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Resist clicking on email links - even if it looks genuine - here's why

Resist clicking on email links – even if it looks genuine: Here’s Why!

We have all heard a million times, “Don’t click on links on the email.” But we still fall for it when the links look genuine and expose ourselves to risks.

Link manipulation also referred to as URL hiding, is commonly used in phishing attacks. In this method, a malicious URL is displayed as if it leads to a legitimate webpage or site. However, when you click on it, malware gets downloaded and installed in your system.

So, how can you identify illegitimate email links? What are the potential risks of email links? Let’s find out.

How Do Email Links Work?

Emails are typically written in HTML language — a language also used to build websites. Simply put, emails are basically small web pages messaged or sent to you. Even though plain email text does exist, they are rarely used anymore. Since emails are similar to a webpage, whatever you can do with a website, you can also do it with email — and one of the shared features is, linking.

Links or hyperlinks are icons, graphics, or texts that link to another file or webpage. You can turn a part of a text, an icon, or even an image into a hyperlink in an email. When someone clicks on the link, they redirect you to a new webpage. What you need to keep in mind about email links is the anchor text is not related to its hyperlink. Meaning the sender can hide a phishing link in plain sight.

For example, if you click on the link paypal.com, you’ll end up on Google even though the link appears to be from the PayPal website.

Why? Because the HTML code in the background instructed it to do so.

What Are the Dangers of Email Links?


Phishing is a cyberattack that uses disguised email to trick the recipient into providing personal data. For example, attackers can send you an email pretending to be the manager of your bank. They can either inform you about some issues with your account or a new feature and prompt you to click on a link. The link can take you to a convincing fake site that looks like your bank, where you’d be asked to enter sensitive data such as username, password, credit card number, etc. The scamming strategy has become so sophisticated that they will even redirect you to the bank’s original website after gaining your personal information, so you do not suspect anything.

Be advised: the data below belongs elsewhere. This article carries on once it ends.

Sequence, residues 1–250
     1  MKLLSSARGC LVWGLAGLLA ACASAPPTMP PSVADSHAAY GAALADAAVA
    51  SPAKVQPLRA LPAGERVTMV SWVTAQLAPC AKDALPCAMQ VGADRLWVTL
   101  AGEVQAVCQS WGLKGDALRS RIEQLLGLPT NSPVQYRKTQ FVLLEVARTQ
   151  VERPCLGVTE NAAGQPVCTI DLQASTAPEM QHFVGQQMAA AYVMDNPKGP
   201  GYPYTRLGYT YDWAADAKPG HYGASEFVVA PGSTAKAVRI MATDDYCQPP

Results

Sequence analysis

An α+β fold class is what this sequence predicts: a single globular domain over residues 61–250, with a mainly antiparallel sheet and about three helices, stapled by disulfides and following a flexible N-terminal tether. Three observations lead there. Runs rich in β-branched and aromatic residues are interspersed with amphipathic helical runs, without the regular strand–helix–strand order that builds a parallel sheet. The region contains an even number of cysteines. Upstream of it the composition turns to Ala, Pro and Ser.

Downloading Malware

Clicking on an email link can download and install malware to your computer. As we have already shown, the link text and its HTML code can be very different. Attackers can attach the link to a malware website to a genuine-looking link. When you click on it, you will be directed to their malware website, which will attempt to infect your device with different types of malware, such as ransomware, spyware, or keylogger.

Can You Get Virus Just from Clicking on a Link?

Your device can get infected by clicking on a phishing link. Phishing links can download and install the malware in your system. The worst part is, this entire process is done behind the scene, so it is undetectable to an average user. That means, even if nothing happens after clicking on an email link, your PC can still be infected with the virus. Some spyware can remain active on your system for months or years without you ever finding out. Cyberattackers can also use malware to make your device a part of their botnet, which they can use to initiate a DDoS attack.

How to Identify Illegitimate Email Links?

Phishing messages are getting harder to identify. There is a high likelihood that either you or someone who uses your devices will fall victim to these sophisticated phishing scams at some point. To stay safe from these attacks, watch out for these 4 telltale signs of a spam message before interacting with an email –

  1. Check for warning signs such as grammatical errors, unusual behaviour, odd phrasing, or a sense of urgency.
  2. Hover your cursor over the email links or images (without clicking) to check for legitimacy. It will reveal the actual hyperlink behind the link text.
  3. Scan the links using online services or tools to verify the legitimacy.
  4. If the email includes an attachment, scan it for viruses.

The best way to stay safe from phishing email links is by taking proactive measures to reduce spam emails. Spammers gain access to your email address when it is exposed on the Internet.

To check your email address visibility, go to Sniff Email — an online platform dedicated to finding out if your email address exists on the Internet. Enter your email address in the search field and click fetch to find out if your email address exists on the web within a few seconds. Based on the results, you can take appropriate action to remove it to reduce the number of spam emails that you receive.

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